11. EDTA Titration of Ca2+ and Mg2+ in Natural Waters
The most common multivalent metal ions in natural waters are Ca2+ and Mg2+. In this
experiment, we will find the total concentration of metalions that can react with EDTA, and we
will assume that this equals the concentration of Ca2+ and Mg2+. In a second experiment, Ca2+
is analyzed separately after precipitating Mg(OH)2 with strongbase.
Buffer (pH 10): Add 142 mL of 28 wt% aqueous NH3 to 17.5 g of NH4Cl and dilute to 250 mL
Eriochrome black T indicator: Dissolve 0.2 g of the solid indicator in 15 mL oftriethanolamine
plus 5 mL of absolute ethanol.
50 wt% NaOH: Dissolve 100 g of NaOH in 100 g of H2O in a 250-mL plastic bottle. Store
tightly capped. When you remove solution with a pipet, try not todisturb the solid Na2CO3
Dry Na2H2EDTA.2H2O (FM 372.24) at 80û C for 1 h and cool in the desiccator. Accurately
weigh out ~0.6 g and dissolve it with heating in 400 mLof water in a 500-mL volumetric
flask. Cool to room temperature, dilute to the mark, and mix well.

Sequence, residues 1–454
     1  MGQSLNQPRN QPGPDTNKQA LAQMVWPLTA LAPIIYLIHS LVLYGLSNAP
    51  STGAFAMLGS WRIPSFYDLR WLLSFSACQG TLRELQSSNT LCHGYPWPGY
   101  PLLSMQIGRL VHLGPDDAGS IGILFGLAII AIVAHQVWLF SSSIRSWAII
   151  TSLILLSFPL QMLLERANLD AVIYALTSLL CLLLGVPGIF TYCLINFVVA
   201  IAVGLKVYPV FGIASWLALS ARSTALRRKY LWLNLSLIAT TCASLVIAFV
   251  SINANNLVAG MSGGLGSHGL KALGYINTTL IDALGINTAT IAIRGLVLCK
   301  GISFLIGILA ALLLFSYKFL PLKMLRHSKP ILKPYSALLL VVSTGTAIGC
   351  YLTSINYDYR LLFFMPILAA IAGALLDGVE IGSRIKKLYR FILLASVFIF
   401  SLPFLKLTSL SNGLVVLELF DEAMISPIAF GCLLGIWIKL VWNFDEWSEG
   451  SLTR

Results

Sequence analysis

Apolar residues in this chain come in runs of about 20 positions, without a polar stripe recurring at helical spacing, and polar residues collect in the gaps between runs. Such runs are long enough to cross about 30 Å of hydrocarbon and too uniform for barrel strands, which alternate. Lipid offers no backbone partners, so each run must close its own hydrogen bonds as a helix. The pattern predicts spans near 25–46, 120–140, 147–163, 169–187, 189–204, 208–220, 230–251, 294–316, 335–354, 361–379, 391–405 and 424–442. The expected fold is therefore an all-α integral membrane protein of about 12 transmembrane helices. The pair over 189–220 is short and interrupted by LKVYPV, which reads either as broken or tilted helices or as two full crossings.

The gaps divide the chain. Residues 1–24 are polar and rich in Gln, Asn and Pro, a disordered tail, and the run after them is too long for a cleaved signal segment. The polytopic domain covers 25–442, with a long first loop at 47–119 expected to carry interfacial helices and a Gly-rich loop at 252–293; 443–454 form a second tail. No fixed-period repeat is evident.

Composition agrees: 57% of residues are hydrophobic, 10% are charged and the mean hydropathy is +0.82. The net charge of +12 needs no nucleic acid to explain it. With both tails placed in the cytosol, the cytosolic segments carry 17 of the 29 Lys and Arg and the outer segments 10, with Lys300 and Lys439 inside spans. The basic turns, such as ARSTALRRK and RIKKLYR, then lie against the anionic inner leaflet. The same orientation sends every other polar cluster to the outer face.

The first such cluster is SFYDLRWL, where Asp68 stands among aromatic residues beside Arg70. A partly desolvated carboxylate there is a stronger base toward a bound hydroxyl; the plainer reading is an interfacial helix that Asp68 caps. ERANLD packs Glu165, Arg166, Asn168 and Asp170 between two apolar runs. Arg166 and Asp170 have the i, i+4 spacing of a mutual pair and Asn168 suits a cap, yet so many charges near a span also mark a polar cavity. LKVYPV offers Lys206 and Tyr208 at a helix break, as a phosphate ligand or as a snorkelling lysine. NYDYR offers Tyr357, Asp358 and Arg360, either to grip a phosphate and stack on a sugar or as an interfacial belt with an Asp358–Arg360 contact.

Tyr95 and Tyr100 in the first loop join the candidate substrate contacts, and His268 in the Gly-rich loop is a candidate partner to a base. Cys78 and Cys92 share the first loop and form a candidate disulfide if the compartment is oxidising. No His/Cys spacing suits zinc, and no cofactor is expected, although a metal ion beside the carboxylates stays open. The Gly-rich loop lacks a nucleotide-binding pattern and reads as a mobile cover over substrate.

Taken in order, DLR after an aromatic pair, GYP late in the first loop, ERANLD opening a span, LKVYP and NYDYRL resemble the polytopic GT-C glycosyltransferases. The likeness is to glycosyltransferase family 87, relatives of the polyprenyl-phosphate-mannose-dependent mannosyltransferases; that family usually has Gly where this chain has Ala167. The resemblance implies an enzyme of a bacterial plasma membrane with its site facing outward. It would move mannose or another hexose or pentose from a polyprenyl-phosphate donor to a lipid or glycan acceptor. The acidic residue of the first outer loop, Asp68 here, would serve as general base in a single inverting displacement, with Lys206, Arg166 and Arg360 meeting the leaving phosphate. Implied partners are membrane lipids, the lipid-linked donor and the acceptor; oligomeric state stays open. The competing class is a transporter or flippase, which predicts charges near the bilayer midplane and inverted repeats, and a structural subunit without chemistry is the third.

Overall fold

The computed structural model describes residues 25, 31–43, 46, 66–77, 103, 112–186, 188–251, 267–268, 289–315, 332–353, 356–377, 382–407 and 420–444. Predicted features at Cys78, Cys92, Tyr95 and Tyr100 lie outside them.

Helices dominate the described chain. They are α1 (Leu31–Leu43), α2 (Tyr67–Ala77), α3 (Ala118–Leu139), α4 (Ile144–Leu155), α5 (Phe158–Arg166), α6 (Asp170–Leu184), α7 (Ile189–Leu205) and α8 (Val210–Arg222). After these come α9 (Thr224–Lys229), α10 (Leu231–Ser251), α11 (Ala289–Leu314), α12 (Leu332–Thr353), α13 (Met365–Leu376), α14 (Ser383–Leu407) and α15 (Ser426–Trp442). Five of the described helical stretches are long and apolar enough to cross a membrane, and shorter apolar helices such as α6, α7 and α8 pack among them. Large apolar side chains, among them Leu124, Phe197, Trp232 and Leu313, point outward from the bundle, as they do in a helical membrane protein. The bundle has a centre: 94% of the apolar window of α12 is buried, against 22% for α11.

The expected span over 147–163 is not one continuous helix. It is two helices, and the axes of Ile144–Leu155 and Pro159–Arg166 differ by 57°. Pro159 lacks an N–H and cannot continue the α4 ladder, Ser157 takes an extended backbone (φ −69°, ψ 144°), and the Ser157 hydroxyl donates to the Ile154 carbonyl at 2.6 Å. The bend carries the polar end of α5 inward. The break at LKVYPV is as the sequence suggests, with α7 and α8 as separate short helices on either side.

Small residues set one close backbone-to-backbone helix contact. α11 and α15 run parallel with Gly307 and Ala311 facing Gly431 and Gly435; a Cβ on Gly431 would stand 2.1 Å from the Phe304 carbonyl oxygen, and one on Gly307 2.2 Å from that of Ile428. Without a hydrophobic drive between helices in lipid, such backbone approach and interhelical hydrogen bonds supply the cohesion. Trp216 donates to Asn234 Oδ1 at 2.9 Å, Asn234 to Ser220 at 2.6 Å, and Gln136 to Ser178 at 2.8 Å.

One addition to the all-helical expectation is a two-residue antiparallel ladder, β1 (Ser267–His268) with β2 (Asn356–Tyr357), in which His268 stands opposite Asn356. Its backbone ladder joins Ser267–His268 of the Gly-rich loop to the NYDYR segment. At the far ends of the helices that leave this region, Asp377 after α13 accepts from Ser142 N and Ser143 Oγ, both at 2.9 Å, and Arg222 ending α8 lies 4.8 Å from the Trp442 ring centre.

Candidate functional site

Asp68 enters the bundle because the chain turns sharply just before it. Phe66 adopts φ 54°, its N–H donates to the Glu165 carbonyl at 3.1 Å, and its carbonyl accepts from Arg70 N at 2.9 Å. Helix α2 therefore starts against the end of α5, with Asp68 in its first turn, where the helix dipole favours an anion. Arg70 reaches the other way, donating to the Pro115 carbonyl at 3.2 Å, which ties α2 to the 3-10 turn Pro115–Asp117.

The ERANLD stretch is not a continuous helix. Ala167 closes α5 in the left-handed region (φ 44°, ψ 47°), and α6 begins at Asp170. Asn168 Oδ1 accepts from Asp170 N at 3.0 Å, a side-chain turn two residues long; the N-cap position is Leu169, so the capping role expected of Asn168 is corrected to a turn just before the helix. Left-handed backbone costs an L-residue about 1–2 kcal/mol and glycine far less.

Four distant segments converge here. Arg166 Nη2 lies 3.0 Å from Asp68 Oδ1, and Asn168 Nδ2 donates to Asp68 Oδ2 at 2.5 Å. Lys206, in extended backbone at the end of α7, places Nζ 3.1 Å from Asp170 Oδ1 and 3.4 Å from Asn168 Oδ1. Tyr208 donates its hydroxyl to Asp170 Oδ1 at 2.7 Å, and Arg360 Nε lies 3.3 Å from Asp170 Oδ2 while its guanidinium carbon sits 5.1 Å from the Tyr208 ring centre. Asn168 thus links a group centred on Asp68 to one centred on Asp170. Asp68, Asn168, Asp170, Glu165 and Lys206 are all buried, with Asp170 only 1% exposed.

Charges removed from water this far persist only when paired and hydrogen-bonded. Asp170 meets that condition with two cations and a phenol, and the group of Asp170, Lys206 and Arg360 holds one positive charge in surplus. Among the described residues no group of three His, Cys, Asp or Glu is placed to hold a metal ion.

Pipet a sample of unknown into a 250-mL flask. A 1.000-mL sample of seawater or a
50.00-mLsample of tap water is usually reasonable. If you use 1.000 mL of seawater, add
50 mL of distilled water. To each sample, add 3 mL of pH 10 buffer and 6 drops of
Eriochrome black T indicator.Titrate with EDTA from a 50-mL buret and note when the
color changes from wine red to blue. Practice finding the end point several times by adding
a little tap water and titrating with more EDTA. Save asolution at the end point to use as a
color comparison for other titrations.
Repeat the titration with three samples to find an accurate value of the total Ca2+ + Mg2+
concentration. Performa blank titration with 50 mL of distilled water and subtract the value
of the blank from each result.
For the determination of Ca2+, pipet four samples of unknown into clean flasks...
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